What have we learned on the frontlines in Sri Lanka about the sexual exploitation of boys? Read The Story

Boys in South Korea don’t know who to tell when they’ve been sexually abused

“People think that when it happens to boys, it’s just like a punch in the face, nothing serious.”
November 5th 2021

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ECPAT International and TACTEENNAEIL partnered to complete research on the sexual exploitation of South Korean boys during 2021. The research reveals gaps between recently updated laws and people’s knowledge, harmful gender stereotypes, and limited confidence in working with boys among frontline workers.  

As part of ECPAT’s Global Boys Initiative, the South Korea Report is the second of ten country reports to be released that deeply explore the sexual exploitation of boys – an issue too long ignored. The Global Boys Initiative aims to improve global knowledge and inform efforts to protect boys and gender diverse children from being sexually exploited. 

South Korea has shown a strong commitment to protect all children from sexual exploitation by adopting several international children’s rights instruments, and recent revisions to laws have made them gender inclusive – recognising male sexual victimization. High-profile stories involving online child sexual exploitation such as the ‘Nth Room’ case in 2020 have attracted national attention and highlighted that boys too can be victims of sexual violence. But the reality is that gender norms about boys persist, and can make accessing help very difficult for them.  

To better understand what puts South Korean boys at risk and why they may not be receiving the support they need, the ECPAT research undertook conversations with boys who had experienced sexual exploitation, a survey of 56 frontline social support workers and analysis of South Korea’s laws related to child sexual exploitation.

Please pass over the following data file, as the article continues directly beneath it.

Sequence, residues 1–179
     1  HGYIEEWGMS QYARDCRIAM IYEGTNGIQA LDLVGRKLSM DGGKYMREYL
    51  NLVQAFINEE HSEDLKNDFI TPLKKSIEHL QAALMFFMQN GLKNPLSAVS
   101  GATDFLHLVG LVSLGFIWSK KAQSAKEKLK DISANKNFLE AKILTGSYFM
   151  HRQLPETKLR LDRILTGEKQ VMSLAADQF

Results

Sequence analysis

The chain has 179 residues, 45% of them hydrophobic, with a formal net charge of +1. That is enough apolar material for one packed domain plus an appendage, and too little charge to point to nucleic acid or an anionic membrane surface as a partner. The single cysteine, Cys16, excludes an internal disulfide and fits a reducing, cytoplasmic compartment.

Here’s what we learned. 

Being a Boy in South Korea 

“Boys are strong, not vulnerable, and able to protect themselves”

~ Male frontline worker  

 

A common attitude reported by both frontline workers and boys was that the public don’t perceive boys to be vulnerable to sexual exploitation. This in turn leads to stigma and shame when boys are victims, as they feel they somehow failed, or are even at fault when they are abused by adult offenders. Notably, the boys who took part in our research indicated that frontline workers sometimes assumed that boys were not as seriously affected as girls might be by sexual exploitation, or that they could recover more quickly. There was a general belief that child sexual exploitation was not as serious for boys as it is for girls. 

“People think that when it happens to boys, it’s just like a punch in the face, nothing serious. They think that a boy will recover quickly.” 

~ Sunhye Kang, researcher coordinator at TACTEENNAEIL/ECPAT Korea    

 

Our research indicated that boys were most likely to be sexually exploited by male offenders, often who were in positions of power and authority – but as many as 17% of the cases that workers reflected on were estimated to involve female offenders. Support workers also estimated that a majority of offenders are South Korean nationals. 

86% of offenders are South Korean nationals, and 14% are foreign nationals

“I don’t know why they didn’t notice it… definitely, something was wrong with me.”  

Male research participant

Hoping that someone would notice that something is wrong 

In our research, the boys we spoke with explained how it took them a long time to build up the courage to disclose their experiences. Reasons included fears that they would be blamed for what happened, confusion and uncertainty about whether what happened was wrong, not knowing who to tell – as well as concerns that they might face rejection from their family. One boy described his fears that if he disclosed the abuse, he could be in trouble with the police. 

However, even though they didn’t directly disclose, the boys recalled changes in their own behaviour after the abuse. They described things like skipping school, drinking or smoking, things that they hoped trusted adults would notice and reach out to offer support.  

The boys’ reflections contrasted with the responses from frontline workers who commonly said that they assumed boys did not wish to talk about their experiences with helpers. This disconnection between boys and workers needs unscrambling – so boys may access the help and support they need. 

In June 2021, a 26-year-old Korean man was arrested after grooming boys on social media and disseminating nearly 7000 child sexual abuse materials online. The perpetrator pretended to be a woman, and used more than 30 social media accounts, coercing boys to send him naked images and videos. He also assaulted and raped boys during in-person contact. Online child sexual exploitation is an increasingly widespread issue in Korea, putting boys at increased risk too.

Offenders take advantage of a culture of silencing victims